One of the things I enjoy most in my role is working with new customers and colleagues to help them learn how to taste coffee. These folks come to the cupping table almost uniformly interested, engaged and anxious.
Thanks to the growth in artisan food production (coffee roasting, craft beer and craft distilling, farm-to-table food programs, etc.) there is a renewed and reinvigorated group of ‘foodies’ in the world all looking to learn how to describe what they taste. Big hint, if you are reading this blog, you are probably one of them.
Over the coming weeks I plan to post a series of blog entries to explore the idea of becoming a discriminating taster… So let’s get into it!
Let’s define ‘taste’:
Tāst – noun
1.the sensation of flavor perceived in the mouth and throat on contact with a substance.
“the wine had a fruity taste”
synonyms: flavor, savor, relish, tang, smack More
Right out of the gate the definition is somewhat confusing, as it uses ‘flavour’ as a synonym for ‘taste’. For our purposes, as budding tasters, it is important to separate flavour from taste.
These two words are NOT synonymous.
‘Taste’ refers to one of the five primary tastes; sweet, sour, salt, bitter and umami. (Pro-tip – Umami is a Japanese word meaning (mostly) a delicious, savoury taste) In fact your taste buds are able to pick up these primary tastes in varying degrees; including the possibility of being able to detect one primary taste to the point of being blind to others.
It is possible for a person to be ‘blind’ to some tastes due to an absence or extremely low presence of taste buds specific to one of the primary tastes. But most of us have a healthy assortment of taste buds that are dominant, in varying degrees, to all five primary tastes thus allowing us to taste all five primary tastes effectively.
Your body’s ability to detect these different tastes is an aid in identifying foods and beverages which can be helpful or harmful. Sweet foods tend to have calories, salty foods tend to bring in minerals, sour foods can be healthy (high in vitamin c) or harmful (like sour milk), bitter foods are often harmful, and foods with umami tend to offer a more complete nutritional package.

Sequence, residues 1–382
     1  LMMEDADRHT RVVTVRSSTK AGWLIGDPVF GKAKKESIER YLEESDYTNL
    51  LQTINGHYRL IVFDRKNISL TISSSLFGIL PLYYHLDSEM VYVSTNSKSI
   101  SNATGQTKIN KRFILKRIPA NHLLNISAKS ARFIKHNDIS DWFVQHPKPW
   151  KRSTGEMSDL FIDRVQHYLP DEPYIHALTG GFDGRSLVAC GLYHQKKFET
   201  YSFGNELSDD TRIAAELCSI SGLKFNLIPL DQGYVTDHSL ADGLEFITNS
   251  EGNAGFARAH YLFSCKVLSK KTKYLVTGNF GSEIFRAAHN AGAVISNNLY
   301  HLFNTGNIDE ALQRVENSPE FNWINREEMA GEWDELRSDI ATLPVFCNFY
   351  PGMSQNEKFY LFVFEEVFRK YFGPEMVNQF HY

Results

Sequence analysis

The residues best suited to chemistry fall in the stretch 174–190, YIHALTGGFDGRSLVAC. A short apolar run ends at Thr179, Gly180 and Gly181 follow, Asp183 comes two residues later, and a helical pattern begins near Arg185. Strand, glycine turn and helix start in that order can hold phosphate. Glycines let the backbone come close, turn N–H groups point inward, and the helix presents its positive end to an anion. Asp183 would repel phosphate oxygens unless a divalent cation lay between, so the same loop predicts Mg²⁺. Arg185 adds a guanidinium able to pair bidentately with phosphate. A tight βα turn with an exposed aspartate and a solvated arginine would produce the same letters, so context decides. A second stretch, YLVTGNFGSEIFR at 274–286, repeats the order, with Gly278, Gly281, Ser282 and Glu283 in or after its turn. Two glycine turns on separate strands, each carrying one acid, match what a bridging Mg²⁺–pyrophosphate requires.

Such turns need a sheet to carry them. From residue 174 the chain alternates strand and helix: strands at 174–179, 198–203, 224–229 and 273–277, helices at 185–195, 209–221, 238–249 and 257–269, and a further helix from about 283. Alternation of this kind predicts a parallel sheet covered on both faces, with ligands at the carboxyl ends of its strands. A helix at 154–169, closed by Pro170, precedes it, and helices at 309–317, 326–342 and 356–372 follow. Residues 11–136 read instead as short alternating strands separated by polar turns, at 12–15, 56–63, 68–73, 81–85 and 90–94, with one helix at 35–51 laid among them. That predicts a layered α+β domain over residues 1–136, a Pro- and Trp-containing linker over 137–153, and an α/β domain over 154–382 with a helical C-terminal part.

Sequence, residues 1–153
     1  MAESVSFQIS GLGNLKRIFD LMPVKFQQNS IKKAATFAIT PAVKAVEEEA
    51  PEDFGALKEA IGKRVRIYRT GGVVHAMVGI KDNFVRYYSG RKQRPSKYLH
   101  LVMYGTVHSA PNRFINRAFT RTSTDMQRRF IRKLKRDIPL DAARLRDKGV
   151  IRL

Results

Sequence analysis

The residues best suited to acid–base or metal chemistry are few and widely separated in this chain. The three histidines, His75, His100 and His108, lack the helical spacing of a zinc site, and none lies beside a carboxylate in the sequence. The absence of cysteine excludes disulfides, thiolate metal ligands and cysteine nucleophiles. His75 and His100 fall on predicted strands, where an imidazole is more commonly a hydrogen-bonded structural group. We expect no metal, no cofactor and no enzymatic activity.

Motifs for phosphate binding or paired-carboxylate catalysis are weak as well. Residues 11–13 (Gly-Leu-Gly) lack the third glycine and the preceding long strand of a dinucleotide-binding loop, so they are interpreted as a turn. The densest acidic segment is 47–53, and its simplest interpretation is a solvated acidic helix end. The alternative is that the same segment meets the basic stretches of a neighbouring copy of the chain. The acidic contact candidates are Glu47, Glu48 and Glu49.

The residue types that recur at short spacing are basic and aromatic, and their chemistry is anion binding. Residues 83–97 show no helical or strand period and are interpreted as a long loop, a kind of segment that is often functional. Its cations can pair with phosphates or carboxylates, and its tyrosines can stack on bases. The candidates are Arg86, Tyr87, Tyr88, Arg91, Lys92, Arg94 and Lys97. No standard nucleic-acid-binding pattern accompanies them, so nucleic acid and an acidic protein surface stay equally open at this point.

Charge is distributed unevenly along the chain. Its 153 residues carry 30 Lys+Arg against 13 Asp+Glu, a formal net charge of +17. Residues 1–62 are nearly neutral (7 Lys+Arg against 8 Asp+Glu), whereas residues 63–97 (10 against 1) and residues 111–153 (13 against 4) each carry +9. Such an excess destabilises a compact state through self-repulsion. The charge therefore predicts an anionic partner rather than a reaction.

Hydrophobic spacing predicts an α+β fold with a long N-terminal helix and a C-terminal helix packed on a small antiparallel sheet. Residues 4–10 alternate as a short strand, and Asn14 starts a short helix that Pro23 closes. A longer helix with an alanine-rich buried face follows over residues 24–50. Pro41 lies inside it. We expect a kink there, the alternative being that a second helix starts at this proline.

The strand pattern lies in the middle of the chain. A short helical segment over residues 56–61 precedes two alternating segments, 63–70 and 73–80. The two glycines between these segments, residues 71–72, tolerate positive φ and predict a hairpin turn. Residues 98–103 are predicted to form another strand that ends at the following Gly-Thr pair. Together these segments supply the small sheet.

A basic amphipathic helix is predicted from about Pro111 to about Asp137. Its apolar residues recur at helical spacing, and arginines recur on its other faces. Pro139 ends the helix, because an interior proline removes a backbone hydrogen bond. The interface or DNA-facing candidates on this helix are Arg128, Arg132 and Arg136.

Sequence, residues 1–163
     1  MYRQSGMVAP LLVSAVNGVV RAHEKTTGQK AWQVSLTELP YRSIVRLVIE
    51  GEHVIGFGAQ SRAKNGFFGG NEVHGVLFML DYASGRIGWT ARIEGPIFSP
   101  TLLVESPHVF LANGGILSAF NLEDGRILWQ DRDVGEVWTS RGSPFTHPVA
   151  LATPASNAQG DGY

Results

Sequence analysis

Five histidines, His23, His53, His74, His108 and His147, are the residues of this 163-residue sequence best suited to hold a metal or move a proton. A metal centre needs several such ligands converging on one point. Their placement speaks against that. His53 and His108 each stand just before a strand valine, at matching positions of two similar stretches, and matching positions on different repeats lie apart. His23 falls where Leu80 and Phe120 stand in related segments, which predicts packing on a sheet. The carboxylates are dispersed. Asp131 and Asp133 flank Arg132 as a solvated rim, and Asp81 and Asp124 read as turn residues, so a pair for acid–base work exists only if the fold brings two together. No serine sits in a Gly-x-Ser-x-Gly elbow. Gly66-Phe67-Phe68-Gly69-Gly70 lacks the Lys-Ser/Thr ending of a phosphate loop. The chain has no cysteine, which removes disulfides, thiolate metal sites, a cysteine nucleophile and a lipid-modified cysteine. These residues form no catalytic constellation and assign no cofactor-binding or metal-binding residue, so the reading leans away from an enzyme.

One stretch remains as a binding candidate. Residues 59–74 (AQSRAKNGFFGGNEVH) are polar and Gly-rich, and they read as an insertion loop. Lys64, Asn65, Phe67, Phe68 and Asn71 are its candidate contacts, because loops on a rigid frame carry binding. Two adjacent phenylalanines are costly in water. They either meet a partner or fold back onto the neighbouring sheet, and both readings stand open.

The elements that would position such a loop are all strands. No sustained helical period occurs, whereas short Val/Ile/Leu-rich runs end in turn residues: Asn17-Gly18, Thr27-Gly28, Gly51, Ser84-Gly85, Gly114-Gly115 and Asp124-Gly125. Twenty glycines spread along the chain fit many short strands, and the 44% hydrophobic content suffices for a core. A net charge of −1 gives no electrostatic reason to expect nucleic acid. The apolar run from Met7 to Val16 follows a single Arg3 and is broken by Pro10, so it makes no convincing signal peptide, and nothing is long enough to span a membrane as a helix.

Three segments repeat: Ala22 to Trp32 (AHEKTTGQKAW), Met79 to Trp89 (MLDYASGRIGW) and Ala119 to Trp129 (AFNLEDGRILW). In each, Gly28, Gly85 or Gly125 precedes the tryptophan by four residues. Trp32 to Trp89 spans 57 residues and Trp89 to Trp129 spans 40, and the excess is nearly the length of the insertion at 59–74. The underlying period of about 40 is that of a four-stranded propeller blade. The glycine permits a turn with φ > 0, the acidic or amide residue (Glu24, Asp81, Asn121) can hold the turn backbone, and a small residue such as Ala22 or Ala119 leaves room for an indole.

This is the image of the ‘tongue map’ a diagram which was used for most of the 20th century to describe where most people had the highest concentrations of taste buds specific to these four primary tastes. In recent years the tongue map has been attacked, as a number of studies have shown that humans can and do taste the different primary tastes all over the tongue. In my experience, while this map isn’t universal, I think you’ll find that in many of your own cases, the tongue map is relevant and does a good job in helping you localize and identify tastes. You’ll note that there is no spot on the tongue for umami, it’s generally held that umami is a unifying taste that identifies complex concentrations of salt and sweet and sour.
So that’s taste: five primary tastes which your body has evolved/been-engineered to identify from what you put into your mouth. Some tastes come with benefits (aint that the truth!?!) and others come with baggage.
1. Prepare four measured cups of water:
In the first cup add a teaspoon of granulated sugar and stir until dissolved
In the second cup add a teaspoon of table salt and stir until dissolved
In the third cup add a teaspoon of lemon juice and stir until dispersed
In the fourth cup ad a teaspoon of unsweetened cocoa powder and stir until dissolved
2. Taste from the first cup, spit out or swallow, and notice where on your tongue you taste the most sweetness, consider where on your tongue you are NOT noticing sweetness. Rinse your mouth with fresh water.
3. Taste from the second cup, spit out or swallow, and notice where on your tongue you taste the most salt, consider where on your tongue you are NOT noticing salt. Rinse your mouth with fresh water.
4. Taste from the third cup and notice where on your tongue you taste the most sourness, consider where on your tongue you are NOT noticing sour. Rinse your mouth with fresh water.
5. Taste from the third cup and notice where on your tongue you taste bitterness, consider where on your tongue you are NOT noticing bitter.
Thanks for reading. Look for the following up-coming blog posts:
– The Difference Between Taste and Flavour
– The Mechanics of Tasting
By Pat Russell, Director of Coffee